Students enjoy Writing FAST because it is written breezily and is filled with practical advice. Bollow is a screenwriter, but his method is intended to be useful for everyone. His argument is that beginning writers are often frustrated and waste time because they do not know the steps required or take them out of order. “FAST” is an acronym for these steps (Focusing ideas, Applying ideas to a structured writing format, Strengthening the writing through multiple drafts, and Tweaking the final version for good style). He includes sub-steps for clarity and summaries of each chapter. I have had success assigning the book in small chunks over an entire semester. When possible I discuss the ideas in class, but sometimes time runs short. In that case the students respond to the reading using an on-line discussion board that I require them to participate in.
Writing with Style is another superb guide. It acknowledges that the “rules” and “superstitions” about writing that students pick up in high school have some merit. The major strength of the book, however, is teaching when to break the rules. Compelling ideas should be conveyed with compelling language. And that often means experimenting with strategies that students fear—like dashes and ultra-short sentences. Examples of excellent writing are included throughout the text, and it is written in a conversational style. Trimble also discusses the mistakes that intermediate writers make in a straightforward way. The book ends with a chapter of quotations by famous authors about writing, discussing how they struggle with the process but ultimately find it rewarding.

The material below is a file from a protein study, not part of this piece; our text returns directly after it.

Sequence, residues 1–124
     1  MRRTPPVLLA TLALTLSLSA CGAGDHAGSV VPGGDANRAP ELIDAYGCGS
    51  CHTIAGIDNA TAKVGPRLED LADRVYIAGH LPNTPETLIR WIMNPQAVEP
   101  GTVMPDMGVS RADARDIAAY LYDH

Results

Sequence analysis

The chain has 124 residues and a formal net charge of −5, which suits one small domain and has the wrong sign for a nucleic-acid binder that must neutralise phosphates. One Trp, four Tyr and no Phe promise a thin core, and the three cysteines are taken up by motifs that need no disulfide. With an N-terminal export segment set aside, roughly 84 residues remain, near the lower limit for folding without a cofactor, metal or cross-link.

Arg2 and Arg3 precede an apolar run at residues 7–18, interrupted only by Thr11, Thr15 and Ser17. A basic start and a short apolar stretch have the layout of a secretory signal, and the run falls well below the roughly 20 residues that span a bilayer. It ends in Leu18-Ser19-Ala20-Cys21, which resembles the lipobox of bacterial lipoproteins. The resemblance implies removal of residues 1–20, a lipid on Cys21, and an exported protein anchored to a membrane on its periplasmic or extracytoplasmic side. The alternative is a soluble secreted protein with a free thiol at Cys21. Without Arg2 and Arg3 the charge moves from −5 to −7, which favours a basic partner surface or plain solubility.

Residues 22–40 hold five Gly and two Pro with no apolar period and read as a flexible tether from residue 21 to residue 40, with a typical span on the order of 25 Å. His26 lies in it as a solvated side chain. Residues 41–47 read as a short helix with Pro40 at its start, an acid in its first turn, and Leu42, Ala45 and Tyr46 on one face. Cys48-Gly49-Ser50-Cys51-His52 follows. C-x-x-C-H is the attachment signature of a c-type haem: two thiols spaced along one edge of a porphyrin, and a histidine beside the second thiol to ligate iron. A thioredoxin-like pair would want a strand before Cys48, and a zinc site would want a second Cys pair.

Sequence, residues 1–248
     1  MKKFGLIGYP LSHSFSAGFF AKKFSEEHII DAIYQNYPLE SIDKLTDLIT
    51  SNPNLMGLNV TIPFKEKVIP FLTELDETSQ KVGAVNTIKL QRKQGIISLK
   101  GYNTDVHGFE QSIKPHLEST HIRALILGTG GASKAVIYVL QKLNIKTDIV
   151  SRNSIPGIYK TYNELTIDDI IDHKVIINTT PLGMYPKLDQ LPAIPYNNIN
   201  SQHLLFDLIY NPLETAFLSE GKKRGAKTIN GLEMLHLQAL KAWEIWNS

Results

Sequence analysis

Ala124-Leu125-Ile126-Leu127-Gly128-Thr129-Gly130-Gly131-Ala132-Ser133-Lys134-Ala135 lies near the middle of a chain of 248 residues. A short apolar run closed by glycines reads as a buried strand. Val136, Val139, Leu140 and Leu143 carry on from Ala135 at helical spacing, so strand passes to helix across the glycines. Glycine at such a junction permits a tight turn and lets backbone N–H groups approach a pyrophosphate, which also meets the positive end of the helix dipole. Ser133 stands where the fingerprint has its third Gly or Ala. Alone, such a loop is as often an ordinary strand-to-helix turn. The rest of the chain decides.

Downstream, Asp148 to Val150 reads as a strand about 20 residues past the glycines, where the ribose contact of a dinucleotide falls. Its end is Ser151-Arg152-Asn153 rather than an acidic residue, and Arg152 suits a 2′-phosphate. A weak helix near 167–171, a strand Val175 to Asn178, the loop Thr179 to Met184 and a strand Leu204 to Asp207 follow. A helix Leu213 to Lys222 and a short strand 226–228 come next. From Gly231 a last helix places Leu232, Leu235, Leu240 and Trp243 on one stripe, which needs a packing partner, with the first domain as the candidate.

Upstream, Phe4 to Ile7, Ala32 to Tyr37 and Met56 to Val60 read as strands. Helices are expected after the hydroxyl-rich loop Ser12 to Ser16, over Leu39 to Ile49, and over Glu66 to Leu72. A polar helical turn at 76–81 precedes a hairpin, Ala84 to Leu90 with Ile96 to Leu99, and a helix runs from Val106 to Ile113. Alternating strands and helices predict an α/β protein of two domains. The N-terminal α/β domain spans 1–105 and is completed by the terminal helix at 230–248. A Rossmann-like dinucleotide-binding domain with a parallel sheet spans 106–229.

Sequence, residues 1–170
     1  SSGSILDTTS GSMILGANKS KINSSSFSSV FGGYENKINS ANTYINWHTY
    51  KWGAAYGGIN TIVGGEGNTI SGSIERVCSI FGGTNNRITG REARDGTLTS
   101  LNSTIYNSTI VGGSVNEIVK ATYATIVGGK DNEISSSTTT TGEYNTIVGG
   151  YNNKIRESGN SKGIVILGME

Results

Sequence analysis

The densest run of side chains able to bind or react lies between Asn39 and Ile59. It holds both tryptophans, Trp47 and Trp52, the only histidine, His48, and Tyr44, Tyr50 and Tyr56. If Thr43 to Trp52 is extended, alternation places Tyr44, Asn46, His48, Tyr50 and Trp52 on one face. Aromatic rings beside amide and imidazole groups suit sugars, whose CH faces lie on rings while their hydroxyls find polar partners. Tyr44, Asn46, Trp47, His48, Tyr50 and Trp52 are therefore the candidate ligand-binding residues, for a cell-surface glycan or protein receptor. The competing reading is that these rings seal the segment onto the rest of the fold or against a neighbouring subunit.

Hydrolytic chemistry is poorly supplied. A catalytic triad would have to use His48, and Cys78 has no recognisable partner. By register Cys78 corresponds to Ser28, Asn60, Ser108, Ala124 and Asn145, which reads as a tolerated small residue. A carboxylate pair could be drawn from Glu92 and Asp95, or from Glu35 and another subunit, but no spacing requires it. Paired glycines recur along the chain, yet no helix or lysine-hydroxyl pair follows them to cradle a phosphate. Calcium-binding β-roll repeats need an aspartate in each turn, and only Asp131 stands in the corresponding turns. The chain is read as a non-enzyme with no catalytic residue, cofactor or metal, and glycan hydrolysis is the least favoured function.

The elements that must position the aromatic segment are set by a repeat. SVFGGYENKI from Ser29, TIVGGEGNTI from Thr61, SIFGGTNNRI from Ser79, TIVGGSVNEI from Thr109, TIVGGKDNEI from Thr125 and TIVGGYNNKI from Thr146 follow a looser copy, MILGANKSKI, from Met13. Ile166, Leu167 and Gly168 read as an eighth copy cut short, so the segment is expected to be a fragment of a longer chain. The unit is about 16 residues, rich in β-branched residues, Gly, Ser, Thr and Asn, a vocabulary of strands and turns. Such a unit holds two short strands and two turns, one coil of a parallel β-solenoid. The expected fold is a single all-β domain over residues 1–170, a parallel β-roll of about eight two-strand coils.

I have not used them as textbooks, but a couple of other resources are worth noting for special situations. For students struggling with basic grammar and punctuation, William Strunk and E.B. White’s The Elements of Style remains the standard. Its strength is thoroughness, but the text is dry. For students struggling to finish well-structured essays during exams I recommend Sanford Kaye’s Writing under Pressure: The Quick Writing Process. It discusses the writing and grading of essay exams from both a student’s and an instructor’s viewpoint, which is insightful to both.
Barnet, Sylvan. A Short Guide to Writing About Art. 9th ed. Upper Saddle River, NJ: Pearson, 2008.
Bollow, Jeff. Writing FAST: How to Write Anything with Lightning Speed. St. Pauls: Embryo Films 2004.